By: Charles Bowen
Product recalls and safety alerts are sometimes the stepchildren in a newsroom. Too often this important consumer information gets relegated to the back pages, simply because the local staff hasn’t had an effective means for routinely gathering the facts.
Traditionally, we usually just let the wire services cover recalls. And they do a good job. The problem is that when the wire dispatches reach our newsrooms — detailing contaminated food, problem-ridden child car seats, faulty electronics and dangerous clothing — the stories usually get pared down to few paragraphs and sandwiched into a hole inside, if they make the paper at all.
Fortunately now, for city editors who want to beef up their local consumer reporting, an important new Web site provides a great daily stream of product safety information, as well as a detailed, searchable database for researching earlier recalls. It even offers an e-mail notification service to track specific types of products.
Webmaster William A. Knegendorf said he started the site called Safety Alerts simply because he discovered how poorly print and broadcast journalists generally cover product recalls. “I am not a paranoid person,” he says in an online statement, “but … I have two boys, a 2-year-old and a 6-month-old. They will probably get enough bumps and bruises without the help of a defective product.”
Knegendorf created the site to be a central resource for information about recalls. It’s worth adding to your tool belt of online resources. To check it out, visit the site at http://www.safetyalerts.com, where a compact introductory page provides direct links to:
* Current Recalls, statements and stories about the most recent announcements, each dated.
* “Top Ten” Recalls. This is a subjective list maintained by the site. Items are judged by the size of the recall, the hazardous nature of the problem, how widespread product use is, and so on.
* Subject-specific links, with announcements related to food, food allergies, vitamins, drugs, infants and children, toys, car seats, autos, household items, furniture, appliances, electronics, clothing, sports, outdoor items and cosmetics.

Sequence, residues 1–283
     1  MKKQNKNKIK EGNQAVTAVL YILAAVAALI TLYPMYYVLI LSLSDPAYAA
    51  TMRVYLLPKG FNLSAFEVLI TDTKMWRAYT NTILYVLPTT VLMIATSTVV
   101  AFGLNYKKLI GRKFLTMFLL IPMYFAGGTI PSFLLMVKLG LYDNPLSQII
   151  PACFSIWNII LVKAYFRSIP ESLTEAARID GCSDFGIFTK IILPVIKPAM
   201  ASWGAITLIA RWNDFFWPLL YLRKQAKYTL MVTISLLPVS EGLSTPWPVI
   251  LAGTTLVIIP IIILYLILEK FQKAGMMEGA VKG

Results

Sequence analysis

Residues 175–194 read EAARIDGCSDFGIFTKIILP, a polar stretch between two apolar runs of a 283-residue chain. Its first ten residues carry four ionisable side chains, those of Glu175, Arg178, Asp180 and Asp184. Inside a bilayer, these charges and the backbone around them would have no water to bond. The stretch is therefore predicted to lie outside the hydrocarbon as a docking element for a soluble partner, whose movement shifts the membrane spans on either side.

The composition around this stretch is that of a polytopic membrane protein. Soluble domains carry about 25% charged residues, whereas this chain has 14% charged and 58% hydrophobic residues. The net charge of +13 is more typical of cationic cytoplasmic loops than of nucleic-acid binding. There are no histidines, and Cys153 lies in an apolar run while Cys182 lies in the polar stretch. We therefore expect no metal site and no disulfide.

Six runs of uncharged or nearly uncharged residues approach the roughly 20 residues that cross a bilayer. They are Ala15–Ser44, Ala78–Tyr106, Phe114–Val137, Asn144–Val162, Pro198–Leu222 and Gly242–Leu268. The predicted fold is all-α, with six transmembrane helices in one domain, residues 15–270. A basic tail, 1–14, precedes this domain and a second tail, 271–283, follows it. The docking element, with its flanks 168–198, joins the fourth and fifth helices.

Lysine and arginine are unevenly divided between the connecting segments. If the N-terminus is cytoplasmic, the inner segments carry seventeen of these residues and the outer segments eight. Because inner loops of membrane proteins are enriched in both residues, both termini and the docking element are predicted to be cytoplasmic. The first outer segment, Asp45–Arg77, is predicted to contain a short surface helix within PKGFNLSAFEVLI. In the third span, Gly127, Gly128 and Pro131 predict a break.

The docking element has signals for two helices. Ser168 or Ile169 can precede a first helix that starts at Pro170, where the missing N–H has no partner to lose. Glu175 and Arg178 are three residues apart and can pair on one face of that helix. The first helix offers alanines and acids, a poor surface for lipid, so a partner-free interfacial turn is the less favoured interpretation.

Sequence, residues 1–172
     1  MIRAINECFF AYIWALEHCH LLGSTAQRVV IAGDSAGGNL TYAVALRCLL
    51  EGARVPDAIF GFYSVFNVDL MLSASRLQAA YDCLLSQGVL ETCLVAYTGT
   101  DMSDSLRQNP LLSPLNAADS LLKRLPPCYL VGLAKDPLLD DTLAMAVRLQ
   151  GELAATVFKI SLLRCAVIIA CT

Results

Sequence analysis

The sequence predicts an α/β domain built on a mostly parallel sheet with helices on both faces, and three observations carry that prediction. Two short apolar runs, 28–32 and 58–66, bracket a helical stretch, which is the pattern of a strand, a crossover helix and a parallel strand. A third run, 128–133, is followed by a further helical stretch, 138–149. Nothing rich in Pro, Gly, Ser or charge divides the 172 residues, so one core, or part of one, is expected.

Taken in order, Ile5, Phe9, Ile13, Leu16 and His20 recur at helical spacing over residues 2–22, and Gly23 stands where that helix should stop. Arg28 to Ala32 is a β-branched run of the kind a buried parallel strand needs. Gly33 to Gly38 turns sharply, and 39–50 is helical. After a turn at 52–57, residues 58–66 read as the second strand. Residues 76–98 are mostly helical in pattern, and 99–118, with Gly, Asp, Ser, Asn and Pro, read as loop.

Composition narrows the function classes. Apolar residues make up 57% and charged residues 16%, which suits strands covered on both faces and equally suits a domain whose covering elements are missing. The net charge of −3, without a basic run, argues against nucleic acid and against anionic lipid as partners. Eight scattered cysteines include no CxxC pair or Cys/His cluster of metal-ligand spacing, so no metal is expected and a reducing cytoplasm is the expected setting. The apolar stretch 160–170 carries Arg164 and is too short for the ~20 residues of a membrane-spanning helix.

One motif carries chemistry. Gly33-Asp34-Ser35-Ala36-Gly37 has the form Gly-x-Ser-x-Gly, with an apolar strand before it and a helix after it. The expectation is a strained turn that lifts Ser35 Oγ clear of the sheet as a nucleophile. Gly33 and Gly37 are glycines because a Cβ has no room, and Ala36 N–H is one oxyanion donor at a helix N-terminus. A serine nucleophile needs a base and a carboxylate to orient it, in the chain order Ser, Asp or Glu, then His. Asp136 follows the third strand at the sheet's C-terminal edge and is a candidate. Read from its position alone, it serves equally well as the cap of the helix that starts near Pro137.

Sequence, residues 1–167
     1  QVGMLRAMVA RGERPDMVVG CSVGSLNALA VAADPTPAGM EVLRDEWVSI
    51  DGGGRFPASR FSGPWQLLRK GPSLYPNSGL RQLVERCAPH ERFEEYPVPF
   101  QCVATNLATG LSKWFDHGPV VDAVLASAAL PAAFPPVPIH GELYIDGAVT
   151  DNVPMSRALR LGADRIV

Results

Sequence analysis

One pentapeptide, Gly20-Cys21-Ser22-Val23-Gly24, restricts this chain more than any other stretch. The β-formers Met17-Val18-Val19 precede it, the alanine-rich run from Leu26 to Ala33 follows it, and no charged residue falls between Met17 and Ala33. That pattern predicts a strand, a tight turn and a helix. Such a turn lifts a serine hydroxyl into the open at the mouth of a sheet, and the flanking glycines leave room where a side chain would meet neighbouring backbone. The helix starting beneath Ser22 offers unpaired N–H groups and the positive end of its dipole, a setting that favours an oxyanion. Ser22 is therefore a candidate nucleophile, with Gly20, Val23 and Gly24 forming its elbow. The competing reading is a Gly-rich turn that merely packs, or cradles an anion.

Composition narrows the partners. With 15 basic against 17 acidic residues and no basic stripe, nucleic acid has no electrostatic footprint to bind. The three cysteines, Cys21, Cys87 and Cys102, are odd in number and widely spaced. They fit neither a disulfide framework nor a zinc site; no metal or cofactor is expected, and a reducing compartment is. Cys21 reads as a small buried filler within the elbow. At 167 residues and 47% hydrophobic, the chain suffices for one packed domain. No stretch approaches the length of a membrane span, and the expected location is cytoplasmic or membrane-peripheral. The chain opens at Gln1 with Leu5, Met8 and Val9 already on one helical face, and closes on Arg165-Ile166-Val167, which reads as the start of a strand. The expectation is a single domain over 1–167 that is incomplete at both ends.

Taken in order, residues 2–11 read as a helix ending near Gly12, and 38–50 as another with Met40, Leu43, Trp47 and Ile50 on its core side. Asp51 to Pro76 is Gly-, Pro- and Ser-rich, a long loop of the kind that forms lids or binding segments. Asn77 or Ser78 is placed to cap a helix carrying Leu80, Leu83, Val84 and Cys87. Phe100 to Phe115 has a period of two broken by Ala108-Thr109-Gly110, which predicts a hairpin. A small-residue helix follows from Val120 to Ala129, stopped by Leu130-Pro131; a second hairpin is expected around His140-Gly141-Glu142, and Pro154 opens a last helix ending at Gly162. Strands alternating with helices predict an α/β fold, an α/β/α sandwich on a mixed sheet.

Scroll the introductory page for even more links. For instance, lower on the page, along the right side are linked current headlines under the “News & Alerts” heading. Topping the list are general-interest and seasonal items, such as tips for swimming pool safety. Lower on the list are items specifically directed to health professionals and interested laypersons.
The site’s archives also can be searched, using option buttons in the top right column of the main screen. Click the “Search Recalls” button and on the resulting display, then enter a word or phrase in the data entry box. For example, you can enter a product name, a type of product, the name of a city or state or a person. Click the Go button and the site displays a list of hyperlinked headers of files matching your search.
You also can browse the archive by the timestamp on recall information. At the top right of the main screen, click the “Recalls by Date” button. On a subsequent screen, you can click on a month to see a large list of hyperlinked headlines, with the products divided into key categories, such as General Products, Food Items, Vitamins, Drugs and Medicines, Auto and Equipment, and so on.
Other considerations for using Safety Alerts in your writing and editing:
1. One of the more powerful options in the Safety Alert site is its electronic direct notification service. E-mail is sent once daily if new alerts have been issued that match your specifications. Each e-mail contains a short summary of each alert along with a hyperlink that can be clicked for more information. To get in on the service, click the “Sign Up” link at the top of the introductory page and enter your e-mail address on the subsequent page.
2. While browsing the site, be sure to click the “Registrant Warnings” button on the upper right of the main page. This provides a list of recent reports produced by Safety Alert itself and can offer a valuable “heads up” on current concerns over everything from strange e-mail to potentially dangerous products.
3. Another way to browse the site’s massive resources is to click the “Safety Article Archive” button on the introductory screen. This produces a list of hyperlinked headlines of recent additions to the database.